Sex and the City is one of my all-time fave shows. I simply adore it. As a result of watching it over and over, I can and do quote lines from each episode. I’ve even been on the SATC tour in NYC (which I highly recommend!). While I was thrilled to see the first movie on the big screen, and enjoyed it, it essentially broke my heart. Despite the show dealing with infidelity, cancer and getting dumped on a Post-It, the first film took the ladies to a much darker and gut-wrenching place than they had ever ventured. The second movie jubilantly returns them to a place of sheer escapist delight.
The second movie picks up 2 years where the first film left off. Charlotte (Kristen Davis) is juggling being a mom to two girls, Miranda (Cynthia Nixon) is struggling with a new domineering boss at work, Samantha (Kim Cattrall) is Samantha and attempting to stave off menopause and Carrie (Sarah Jessica Parker), the narrator and heart of the show, is married to the love of her life. Writer/director Michael Patrick King takes the fabulous foursome to Abu Dhabi on a lush vacation. SATC2 delightfully dances into outrageous over the top territory, including Liza Minnelli officiating a gay wedding before belting out Beyonce’s “Single Ladies.” The ladies strut in the desert over sand dunes in cowboy hats and couture as if walking down a runway and sing “I Am Woman” in a karaoke bar. It’s silly and fun. That’s not to say that all is smooth sailing with Bradshaw & Co. Marriage vows are questioned, some have problems letting go and lost loves return. But these issues take a backseat to the joyous romp.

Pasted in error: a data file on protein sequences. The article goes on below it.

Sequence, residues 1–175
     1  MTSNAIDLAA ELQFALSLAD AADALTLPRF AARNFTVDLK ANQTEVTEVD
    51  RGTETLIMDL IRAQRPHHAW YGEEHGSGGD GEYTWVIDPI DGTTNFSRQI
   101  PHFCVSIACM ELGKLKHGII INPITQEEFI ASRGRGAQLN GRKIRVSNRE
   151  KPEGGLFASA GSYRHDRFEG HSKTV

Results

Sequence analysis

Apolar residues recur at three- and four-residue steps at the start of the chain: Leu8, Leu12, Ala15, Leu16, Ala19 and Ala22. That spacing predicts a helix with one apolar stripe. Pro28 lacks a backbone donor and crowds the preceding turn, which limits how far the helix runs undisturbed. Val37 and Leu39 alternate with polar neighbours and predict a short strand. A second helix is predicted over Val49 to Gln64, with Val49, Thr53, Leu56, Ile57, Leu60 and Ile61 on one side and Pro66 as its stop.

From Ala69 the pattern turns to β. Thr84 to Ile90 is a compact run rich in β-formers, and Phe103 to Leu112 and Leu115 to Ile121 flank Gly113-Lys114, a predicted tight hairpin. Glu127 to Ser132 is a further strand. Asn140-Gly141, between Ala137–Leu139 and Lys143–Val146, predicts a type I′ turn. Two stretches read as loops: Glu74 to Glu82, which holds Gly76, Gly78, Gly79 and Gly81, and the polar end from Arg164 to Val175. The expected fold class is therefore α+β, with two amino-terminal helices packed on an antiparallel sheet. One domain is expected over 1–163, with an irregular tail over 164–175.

Too many people have bashed, criticized and lamented the frivolous nature of SATC2. It’s been labeled “the most stupid, the most racist, the most polluting and women-hating film of the year…” Roger Ebert declared that “some of these people make my skin crawl” and Lisa Schwarzbaum of Entertainment Weekly lamented, “When did “Sex and the City” become so long and mean so little?”